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Pickle Me This

July 2, 2018

Florida, by Lauren Groff

It continues to be one of my favourite serendipitous things, reading a short story to realize I’d read it before, long ago, in an entirely different context. I wrote about this when I finally read Isabel Huggan’s The Elizabeth Stories in 2012 and realized I’d read “Celia Behind Me” two decades before in my Grade 12 English textbook: “And I realized that I’d read this story before, more than once. It was so strangely familiar, like something I’d known in a dream, but somebody else’s dream.” I remember it also happening when I read Lauren Groff’s “L. DeBard and Aliette” in her first story collection Delicate Edible Birds in 2009, and I realized I’d read the story in The Atlantic in 2006, that it was the first thing by Lauren Groff I’d ever read—before The Monsters of Templeton, even. Before I even realized there was such a thing as Lauren Groff, who has since gone on to become my very favourite writer.

I love “rediscovering” these stories for so many reasons, for the way it suggests the architecture of my mind is infinite dusty corridors and who knows what lies around the next corner, and also for how it underlines that nothing ever goes away. That those dusty corridors are lines with rooms that are full of stuff, everything I’ve seen or heard or thought or read, and how it’s still there, all of it, even if not immediately accessible.

Midway through Florida—which is a book I’d picked up with more expectations than previous works by Groff, but also with the expectation that I was to suspend all expectations because she never does the same thing twice—I came upon her story “Above and Below.” And partway through that story I realized I’d read this one before as well, in The New Yorker in 2011.  And I remember not liking it. This was before Arcadia, before I properly understood the breadth of Lauren Groff’s literary ambition, of her range. This was before the world fell apart as well, after the global economy melted down in 2008 but in that quiet period where it seemed like it all might be okay, and those of us who didn’t live in places like Florida might have been fooled into thinking that progress was an ongoing story. I remember that I just didn’t see the point.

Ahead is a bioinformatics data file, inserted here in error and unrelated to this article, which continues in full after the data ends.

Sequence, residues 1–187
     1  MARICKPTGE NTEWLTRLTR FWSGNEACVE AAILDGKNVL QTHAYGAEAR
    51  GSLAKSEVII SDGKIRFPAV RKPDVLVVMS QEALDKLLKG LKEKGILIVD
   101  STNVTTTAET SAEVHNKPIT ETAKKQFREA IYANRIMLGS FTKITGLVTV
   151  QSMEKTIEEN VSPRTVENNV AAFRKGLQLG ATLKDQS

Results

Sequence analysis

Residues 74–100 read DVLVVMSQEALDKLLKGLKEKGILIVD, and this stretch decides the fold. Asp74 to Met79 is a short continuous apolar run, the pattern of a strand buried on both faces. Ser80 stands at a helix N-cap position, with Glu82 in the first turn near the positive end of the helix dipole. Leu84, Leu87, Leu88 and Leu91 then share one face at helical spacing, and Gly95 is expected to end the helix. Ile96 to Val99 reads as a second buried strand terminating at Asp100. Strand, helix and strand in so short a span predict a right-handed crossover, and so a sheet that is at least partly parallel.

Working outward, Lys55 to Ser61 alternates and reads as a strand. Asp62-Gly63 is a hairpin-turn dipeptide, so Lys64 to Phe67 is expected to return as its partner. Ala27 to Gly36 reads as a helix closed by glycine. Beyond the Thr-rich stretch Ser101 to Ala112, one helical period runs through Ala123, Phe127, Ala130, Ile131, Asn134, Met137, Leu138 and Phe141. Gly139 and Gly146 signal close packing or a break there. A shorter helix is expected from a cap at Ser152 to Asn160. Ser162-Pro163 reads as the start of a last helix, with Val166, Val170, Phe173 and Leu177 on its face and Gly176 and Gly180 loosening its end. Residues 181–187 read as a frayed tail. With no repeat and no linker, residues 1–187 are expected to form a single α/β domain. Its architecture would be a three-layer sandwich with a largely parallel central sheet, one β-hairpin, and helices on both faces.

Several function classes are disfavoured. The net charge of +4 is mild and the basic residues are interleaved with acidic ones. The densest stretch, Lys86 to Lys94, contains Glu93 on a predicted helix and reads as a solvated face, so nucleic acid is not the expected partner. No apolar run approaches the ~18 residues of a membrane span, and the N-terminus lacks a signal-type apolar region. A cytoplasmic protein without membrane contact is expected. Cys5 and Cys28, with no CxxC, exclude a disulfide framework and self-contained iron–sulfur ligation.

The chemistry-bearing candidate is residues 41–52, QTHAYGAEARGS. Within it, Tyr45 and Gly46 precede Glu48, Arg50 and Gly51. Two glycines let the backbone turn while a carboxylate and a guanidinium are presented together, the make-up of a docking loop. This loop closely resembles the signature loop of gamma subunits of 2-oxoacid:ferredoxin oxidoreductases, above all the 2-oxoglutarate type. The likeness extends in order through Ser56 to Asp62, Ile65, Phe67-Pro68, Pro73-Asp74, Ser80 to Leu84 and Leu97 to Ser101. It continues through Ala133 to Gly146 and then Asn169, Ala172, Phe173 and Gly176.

In the context of 2018 though, of this book itself, the story reads very differently to me. I also found it interesting to think about the story in the context of Arcadia, which was about a community that comes together and then falls apart, as the society depicted in “Above and Below” also seems to be unravelling, or at least it is for the protagonist—I see how it fits into her oeuvre in a way I wasn’t able to appreciate at the time. And it certainly does fit into this collection, which is of stories in which dread is creeping, danger lurks, children are stranded alone on islands, and the possibility that a sinkhole might open at any time beneath you is not especially remote.

Florida is a locality of extremes—I am frequently grateful for living smack-dab in the middle of the continent, as immune as one could possibly be from hurricanes, earthquakes, or alligators. When I hear stories like that of a sinkhole that swallowed an entire house, I think to myself, “Well, that’s a Florida story,” and go on with my day. Although if I’ve learned anything in the last few years, it’s that what’s going on at the edges, in the margins, has deeper ramifications than I ever really realized. That a story like “Above and Below,” about a character who loses everything and just keeps going—it seems less marginal now than it did in 2011.

I like Florida for how it’s a book as well as a collection of stories. I like stories, but when I pick up a book, a book is what I want, for there to be themes and connections that tie it all together. Not that the stories be linked, necessarily, but that they inform each other. Context matters. I want a story collection to be a book that’s capable of being grasped and understood as a whole. Which is the whole reason I’d be shaking this one emphatically and imploring you to read it: Florida! It’s so good. It will break your heart about this miserable perilous world, but you’ll also love that world a little bit more because this incredible book is in it.

3 thoughts on “Florida, by Lauren Groff”

  1. Elizabeth Kaplan says:

    Read this, went immediately to the library website and ordered “Florida”. I’m #115 on the waiting list. Thanks, Kerry.

  2. So far, this is actually my favourite book of the year, I think.

  3. isabel huggan says:

    I am always thrilled to see you mentioning THE ELIZABETH STORIES, Kerry, and as a friend sent along this site to make sure I saw your mention, it has also motivated me to get FLORIDA to read, ASAP… it sounds absolutely remarkable, and reminds me to keep in touch with, as you say, the writing from the margins of this central place in which we dwell. Can’t wait to read it…

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